Catalytic Communities – Bottom-up Solutions to Local Problems
Cory’s post about the Tech Museum Awards reminded me to look through the list of this year’s Laureates. Nominees outside the Economic Development category may not necessarily be base of the pyramid focused, but they tend to be really innovative and under-the-radar. As I browsed down through the categories, I was pleasantly surprised: Catalytic Communities, a NextBillion ally and base of the pyramid innovator, is listed as a Laureate in the Equality category.
We’ve previously mentioned Catalytic Communities (CatComm) on NextBillion.net in the context of their community work in Brazil. A quick reminder – CatComm serves as a clearinghouse for low-income communities? collective wisdom. CatComm’s Community Solutions Database tracks hundreds of bottom-up solutions to local problems, and they have built powerful peer networks of community leaders worldwide to grow and field-test those solutions.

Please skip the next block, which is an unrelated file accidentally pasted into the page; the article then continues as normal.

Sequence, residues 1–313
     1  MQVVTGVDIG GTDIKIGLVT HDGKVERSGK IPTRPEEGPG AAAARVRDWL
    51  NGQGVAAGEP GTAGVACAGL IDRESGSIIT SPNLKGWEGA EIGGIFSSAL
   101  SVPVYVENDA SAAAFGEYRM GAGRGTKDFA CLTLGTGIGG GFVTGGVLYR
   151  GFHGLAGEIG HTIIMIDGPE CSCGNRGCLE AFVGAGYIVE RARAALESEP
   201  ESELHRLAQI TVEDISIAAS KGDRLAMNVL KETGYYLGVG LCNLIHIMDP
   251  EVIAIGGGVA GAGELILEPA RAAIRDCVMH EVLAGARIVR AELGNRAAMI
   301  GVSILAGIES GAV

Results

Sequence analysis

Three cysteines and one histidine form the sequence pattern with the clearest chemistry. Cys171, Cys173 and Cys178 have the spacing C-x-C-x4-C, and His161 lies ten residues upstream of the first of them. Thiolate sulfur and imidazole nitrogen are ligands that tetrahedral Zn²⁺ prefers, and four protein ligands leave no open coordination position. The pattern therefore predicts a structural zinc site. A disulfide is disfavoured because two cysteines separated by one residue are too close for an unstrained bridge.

I?m thrilled to see this project recognized by the Tech Museum. Sure, the Community Solutions Database uses cutting edge IT in its work, but the real innovation is their model. Here at NextBillion, we often talk about what works for the base of the pyramid, returning again and again to the importance of partnerships and understanding local markets. CatComm doesn?t talk–it builds partnerships and disseminates local knowledge, helping successful models scale up. They don?t have to worry about local buy-in–they ARE local. This is one of the best examples of bottom-up, base of the pyramid development out there.
Catalytic Communities is the brainchild of Theresa Williamson, whom I met at the 2004 Eradicating Poverty Through Profit conference. Theresa is an electrifying person, whose passion for her work spills over into her personal life. She founded Catalytic Communities in 2000, after earning a Ph.D. in International Planning. No surprise that she’s sharp – her intellectual pedigree is second-to-none: her father, John Williamson, is a noted economist with the Institute for International Economics, best known for coining the term ?Washington Consensus?. (Side note: I’ve met John Williamson as well, through the Carroll Round at Georgetown University–small world).